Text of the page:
No criticisms can be raised about Davies fluid, biting fretwork. She learned a lot playing with the late Albert Collins, and like her former boss, makes use of space, as well as tone, in her fleet improvisations. Her vocals are heartfelt, sung without artifice and ring with conviction. The rhythm section is also on point and provide strong support on tunes like the opening "Life of the Party," a straight-forward boogaloo number with interesting, ironic lyrics. "Let the Heartaches Begin," a duet with Terry Hanck is a superb swamp-pop styled tune with wonderful vocals. There is also Davies fine, precise guitar followed by Hanck's slightly raspy sax.
Vocalist Jay Stollman joins Debbie on the funky R&B flavored "Don't Change It Up" on which Scott Spray guests on bass. There is nice organ coloring Debbie's focused guitar pyrotechnics. "As long as it sets your soul free" she sings against a loping rhythm on "It's All Blues." Davies gets playful on the rocker, "I'm Not Cheatin' Yet," with has a booting Hanck solo. Davies shows her humorous side telling of her man's illusions about being sexy and dreaming of trading Debbie in for "Two Twenty-Five-Year-Olds." She ingeniously incorporates an Eddie Taylor riff into her tune. A jazzy sophistication is exhibited on "A Darker Side Of Me," adding to the variety heard here.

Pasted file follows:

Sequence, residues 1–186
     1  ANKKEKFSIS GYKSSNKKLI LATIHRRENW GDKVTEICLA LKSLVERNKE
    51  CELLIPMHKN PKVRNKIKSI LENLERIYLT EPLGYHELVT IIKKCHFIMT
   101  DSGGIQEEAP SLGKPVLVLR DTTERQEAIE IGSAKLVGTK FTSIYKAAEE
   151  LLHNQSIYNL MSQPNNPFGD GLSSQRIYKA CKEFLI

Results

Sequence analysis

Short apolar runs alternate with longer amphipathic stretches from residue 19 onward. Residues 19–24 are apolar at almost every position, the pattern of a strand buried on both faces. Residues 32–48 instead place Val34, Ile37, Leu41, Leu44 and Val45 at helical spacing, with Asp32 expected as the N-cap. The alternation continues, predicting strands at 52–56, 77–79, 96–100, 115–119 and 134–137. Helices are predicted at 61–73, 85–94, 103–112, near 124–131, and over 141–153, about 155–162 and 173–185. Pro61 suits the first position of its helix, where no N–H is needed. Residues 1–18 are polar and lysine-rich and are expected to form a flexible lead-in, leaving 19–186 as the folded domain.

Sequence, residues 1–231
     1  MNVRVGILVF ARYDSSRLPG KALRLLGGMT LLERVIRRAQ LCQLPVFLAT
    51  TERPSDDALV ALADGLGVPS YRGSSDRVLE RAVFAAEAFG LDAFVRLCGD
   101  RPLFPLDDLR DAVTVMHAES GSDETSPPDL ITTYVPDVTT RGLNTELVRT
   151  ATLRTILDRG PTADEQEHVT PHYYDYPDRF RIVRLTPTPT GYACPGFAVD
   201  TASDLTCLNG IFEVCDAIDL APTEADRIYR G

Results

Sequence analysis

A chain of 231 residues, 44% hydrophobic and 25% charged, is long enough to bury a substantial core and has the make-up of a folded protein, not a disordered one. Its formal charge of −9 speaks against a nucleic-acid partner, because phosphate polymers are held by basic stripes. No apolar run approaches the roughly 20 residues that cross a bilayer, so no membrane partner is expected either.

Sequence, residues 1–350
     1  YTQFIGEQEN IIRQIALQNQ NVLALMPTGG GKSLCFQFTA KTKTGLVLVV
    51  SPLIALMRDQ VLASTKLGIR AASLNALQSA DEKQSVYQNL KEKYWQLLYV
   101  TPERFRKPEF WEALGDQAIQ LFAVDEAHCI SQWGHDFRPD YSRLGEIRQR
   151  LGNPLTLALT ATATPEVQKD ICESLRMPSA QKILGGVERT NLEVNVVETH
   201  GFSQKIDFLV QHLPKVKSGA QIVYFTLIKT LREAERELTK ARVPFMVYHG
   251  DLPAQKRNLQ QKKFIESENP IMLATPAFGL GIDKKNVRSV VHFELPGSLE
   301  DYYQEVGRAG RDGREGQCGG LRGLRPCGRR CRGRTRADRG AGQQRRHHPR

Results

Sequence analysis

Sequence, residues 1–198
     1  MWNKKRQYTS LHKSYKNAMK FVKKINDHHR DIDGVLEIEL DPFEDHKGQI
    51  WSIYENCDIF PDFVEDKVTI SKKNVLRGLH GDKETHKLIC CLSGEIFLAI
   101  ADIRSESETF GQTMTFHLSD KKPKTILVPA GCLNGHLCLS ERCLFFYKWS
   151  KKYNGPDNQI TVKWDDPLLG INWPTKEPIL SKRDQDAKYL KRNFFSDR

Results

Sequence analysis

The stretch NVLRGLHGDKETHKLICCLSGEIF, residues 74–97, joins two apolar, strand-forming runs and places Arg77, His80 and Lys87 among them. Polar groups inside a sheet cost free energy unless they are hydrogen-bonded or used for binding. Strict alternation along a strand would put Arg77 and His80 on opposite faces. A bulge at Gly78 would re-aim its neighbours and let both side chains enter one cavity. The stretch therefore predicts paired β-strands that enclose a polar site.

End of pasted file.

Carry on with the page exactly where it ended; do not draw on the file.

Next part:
A slide guitar showcase, "Way Back Home," that uses the "Rollin' and Tumblin'" groove to close out this album. There is a nice mix of material on this that Debbie Davies delivers with more than a little panache resulting in another most entertaining recording from her.
I received my review copy from Vizz-Tone. This review appeared originally in Jazz & Blues Report, but I have made significant changes (Most stylistic) from that review. Here is Debbie in performance.